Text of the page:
It is impossible, of course, for any party funding regime to fully excise the influence that wealth can have in distorting the democratic process. Despite the egalitarian emphasis of the donation caps introduced in 2003, there is some evidence to suggest that they have led to the emergence of US-style “bundling” techniques to circumvent the law. Nevertheless, while the reforms to the Canadian system of party finance may have minor shortcomings, they have also provided clear (if ‘modest’) benefits. The legislation has not, of course, created perfect political equality between citizens or led to any real revival in grassroots activity; but it has probably succeeded in reducing political inequalities, increasing the responsiveness of parties to the electorate, opening up the party system, and broadening the parties’ funding base. Though donations by individuals to political parties in Canada may continue to create some possibility of plutocratic influence, there is little evidence, moreover, of a ‘big donor’ culture comparable to that in the UK. It is for these reasons – rather than the ones imagined by official inquiries – that the attractiveness of the Canadian model to the UK, and elsewhere, is understandable. But just how likely is it that the UK could follow Canada’s lead on party funding law?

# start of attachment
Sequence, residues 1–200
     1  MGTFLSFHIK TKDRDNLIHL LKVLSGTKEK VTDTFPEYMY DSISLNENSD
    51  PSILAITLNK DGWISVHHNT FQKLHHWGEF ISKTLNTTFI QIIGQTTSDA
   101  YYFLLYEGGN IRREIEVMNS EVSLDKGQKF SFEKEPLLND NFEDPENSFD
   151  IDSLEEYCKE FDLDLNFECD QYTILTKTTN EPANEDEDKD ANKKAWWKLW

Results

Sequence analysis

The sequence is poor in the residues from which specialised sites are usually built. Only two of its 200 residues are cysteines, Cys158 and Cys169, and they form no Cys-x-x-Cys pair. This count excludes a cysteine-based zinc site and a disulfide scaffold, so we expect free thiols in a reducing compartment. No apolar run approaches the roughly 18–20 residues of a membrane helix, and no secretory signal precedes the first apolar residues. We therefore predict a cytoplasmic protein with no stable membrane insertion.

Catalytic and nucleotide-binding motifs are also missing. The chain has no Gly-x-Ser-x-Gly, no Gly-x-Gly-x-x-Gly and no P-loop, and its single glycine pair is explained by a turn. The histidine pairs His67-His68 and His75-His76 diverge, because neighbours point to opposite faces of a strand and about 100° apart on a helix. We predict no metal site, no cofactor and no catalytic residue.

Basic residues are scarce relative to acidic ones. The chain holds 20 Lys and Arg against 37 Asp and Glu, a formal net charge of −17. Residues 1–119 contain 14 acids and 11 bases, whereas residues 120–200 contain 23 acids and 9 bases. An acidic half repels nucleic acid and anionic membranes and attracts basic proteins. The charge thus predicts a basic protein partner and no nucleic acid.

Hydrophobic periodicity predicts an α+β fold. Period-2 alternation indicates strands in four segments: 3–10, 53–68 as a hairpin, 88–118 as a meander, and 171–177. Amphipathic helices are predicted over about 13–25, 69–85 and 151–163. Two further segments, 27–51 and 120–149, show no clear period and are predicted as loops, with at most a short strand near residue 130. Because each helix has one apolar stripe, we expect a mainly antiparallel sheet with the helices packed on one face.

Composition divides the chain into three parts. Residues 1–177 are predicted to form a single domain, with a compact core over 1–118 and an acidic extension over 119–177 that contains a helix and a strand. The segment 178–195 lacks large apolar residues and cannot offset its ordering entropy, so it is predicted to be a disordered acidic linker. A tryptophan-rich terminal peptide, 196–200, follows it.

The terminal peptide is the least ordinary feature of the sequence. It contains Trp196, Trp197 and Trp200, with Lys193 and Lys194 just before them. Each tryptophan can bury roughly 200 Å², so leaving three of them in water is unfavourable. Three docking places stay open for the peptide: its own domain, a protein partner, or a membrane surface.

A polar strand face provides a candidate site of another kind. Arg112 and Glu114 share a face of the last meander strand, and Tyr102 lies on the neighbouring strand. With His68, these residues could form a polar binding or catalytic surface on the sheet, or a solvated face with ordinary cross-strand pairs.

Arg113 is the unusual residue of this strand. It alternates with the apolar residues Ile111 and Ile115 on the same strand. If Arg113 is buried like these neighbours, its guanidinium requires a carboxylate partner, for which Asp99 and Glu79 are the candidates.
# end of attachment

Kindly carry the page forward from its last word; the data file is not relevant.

Transferring Canadian party funding practices to the UK

While there are clearly enormous benefits to be reaped from the implementation of a Canadian-style funding regime that marries donation restrictions with increased public funding, the likelihood of the UK implementing a similar package of reforms in the near future is close to zero. One of the fundamental reasons for this is economic. When the Canadian government introduced increased public funding of political parties during a period of relative international prosperity, it encountered seemingly little public opposition; but any proposal to do the same thing in the UK now – when education, policing and welfare budgets are being cut – is almost certain to provoke widespread public anger. That is not to say that the public are opposed to public funding, in principle. Indeed, opinion polls show that public support for public funding – and donation caps – is at similar levels to Canada, where such features are already a part of the system. However, politicians are probably right to suspect that any considerable increase in public funding to political parties would be impossible to achieve politically now, during a time of fiscal retrenchment – especially with the memory of the MPs’ expenses scandal still fresh in the mind of many voters.